Artistotle didn’t think much of the idea of paying interest:
εὐλογώτατα μισεῖται ἡ ὀβολοστατικὴ διὰ τὸ ἀπ᾽ αὐτοῦ τοῦ νομίσματος εἶναι τὴν κτῆσιν καὶ οὐκ ἐφ᾽ ὅπερ ἐπορίσθη. μεταβολῆς γὰρ ἐγένετο χάριν, ὁ δὲ τόκος αὐτὸ ποιεῖ πλέον （ὅθεν καὶ τοὔνομα τοῦτ᾽ εἴληφεν: ὅμοια γὰρ τὰ τικτόμενα τοῖς γεννῶσιν αὐτά ἐστιν, ὁ δὲ τόκος γίνεται νόμισμα ἐκ νομίσματος: ὥστε καὶ μάλιστα παρὰ φύσιν οὗτος τῶν χρηματισμῶν ἐστιν. (“As this is so, usury is most reasonably hated, because its gain comes from money itself and not from that for the sake of which money was invented. For money was brought into existence for the purpose of exchange, but interest increases the amount of the money itself (and this is the actual origin of the Greek word: offspring resembles parent, and interest is money born of money); consequently this form of the business of getting wealth is of all forms the most contrary to nature.”)
Aristotle, Politics, Book 1, § 1258b (translated by H. Rackham).
William Blackstone, on the other hand, saw it as a necessity for modern commerce:
Thus, in the dark ages of monkish superstition and civil tyranny, when interest was laid under a total interdict, commerce was also at it’s lowest ebb . . . but when men’s minds began to be more enlarged, when true religion and real liberty revived, commerce grew again into credit; and again introduced with itself it’s inseparable companion, the doctrine of loans upon interest.
Commentaries on the Laws of England, Book II, Ch. 30.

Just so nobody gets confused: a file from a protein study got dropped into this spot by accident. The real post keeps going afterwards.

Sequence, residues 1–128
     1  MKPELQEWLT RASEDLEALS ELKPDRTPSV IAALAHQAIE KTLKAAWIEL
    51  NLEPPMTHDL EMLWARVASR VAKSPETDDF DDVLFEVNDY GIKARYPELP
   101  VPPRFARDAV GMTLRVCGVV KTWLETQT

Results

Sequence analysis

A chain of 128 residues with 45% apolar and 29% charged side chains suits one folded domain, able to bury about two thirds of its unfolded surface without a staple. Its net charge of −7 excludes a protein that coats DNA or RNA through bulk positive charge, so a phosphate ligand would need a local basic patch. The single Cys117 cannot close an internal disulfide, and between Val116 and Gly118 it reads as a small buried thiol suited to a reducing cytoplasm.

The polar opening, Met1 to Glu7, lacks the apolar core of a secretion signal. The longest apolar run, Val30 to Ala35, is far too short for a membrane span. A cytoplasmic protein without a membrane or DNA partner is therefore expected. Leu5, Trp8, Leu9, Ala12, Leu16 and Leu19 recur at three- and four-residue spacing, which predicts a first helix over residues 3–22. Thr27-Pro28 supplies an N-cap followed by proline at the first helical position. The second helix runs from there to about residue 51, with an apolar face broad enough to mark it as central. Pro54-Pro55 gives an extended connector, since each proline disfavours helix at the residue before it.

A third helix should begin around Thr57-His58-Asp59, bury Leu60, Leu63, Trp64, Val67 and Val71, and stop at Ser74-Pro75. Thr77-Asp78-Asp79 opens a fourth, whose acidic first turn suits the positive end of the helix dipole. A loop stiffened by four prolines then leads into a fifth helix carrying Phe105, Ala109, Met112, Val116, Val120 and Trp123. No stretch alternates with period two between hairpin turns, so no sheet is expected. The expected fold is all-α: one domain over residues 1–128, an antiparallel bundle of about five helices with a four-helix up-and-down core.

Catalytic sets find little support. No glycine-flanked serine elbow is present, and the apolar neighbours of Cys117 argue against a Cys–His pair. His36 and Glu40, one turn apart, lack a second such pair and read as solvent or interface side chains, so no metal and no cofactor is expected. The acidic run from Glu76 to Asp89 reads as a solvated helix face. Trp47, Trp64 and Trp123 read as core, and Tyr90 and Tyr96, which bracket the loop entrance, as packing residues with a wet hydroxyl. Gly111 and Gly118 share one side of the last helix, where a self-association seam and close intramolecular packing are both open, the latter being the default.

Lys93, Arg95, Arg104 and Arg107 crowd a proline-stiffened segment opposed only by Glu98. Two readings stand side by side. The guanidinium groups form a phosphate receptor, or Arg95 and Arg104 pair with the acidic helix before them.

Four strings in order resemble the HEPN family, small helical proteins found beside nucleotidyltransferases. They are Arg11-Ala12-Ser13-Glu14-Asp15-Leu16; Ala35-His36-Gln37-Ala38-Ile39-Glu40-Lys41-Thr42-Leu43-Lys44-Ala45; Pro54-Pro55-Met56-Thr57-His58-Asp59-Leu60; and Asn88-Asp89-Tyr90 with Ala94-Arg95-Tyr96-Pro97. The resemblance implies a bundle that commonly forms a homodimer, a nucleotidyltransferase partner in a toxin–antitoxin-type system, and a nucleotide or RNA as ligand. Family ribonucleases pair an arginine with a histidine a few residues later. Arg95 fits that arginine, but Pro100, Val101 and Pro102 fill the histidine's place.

California permits the charging of interest, but the Constitution limits the amount of interest that may be charged. Cal. Const. Art. XV. Not all loans, however, are subject to these constitutional rate limitations. For example, the Constitution exempts “loans made or arranged by any person licensed as a real estate broker by the State of California and secured in whole or in part by liens on real property.” Civil Code Section 1916.1 further explicates this exemption by providing that “a loan . . . is arranged by a person licensed as a real estate broker when the broker . . . acts for compensation or in expectation of compensation for soliciting, negotiating, or arranging a loan for another.”
In a decision handed down this week, the California Court of Appeal considered whether a loan made by a wholly-owned subsidiary of an individual licensed as a real estate broker was within exemption. Bock v. California Capital Loans, Inc., 2013 Cal. App. LEXIS 376 (May 14, 2013). The borrower made two arguments – the loan was not arranged “for another” and the broker had not arranged the loan “in expectation of compensation”. Justice Ronald B. Robie, writing for the court, rejected both of these arguments.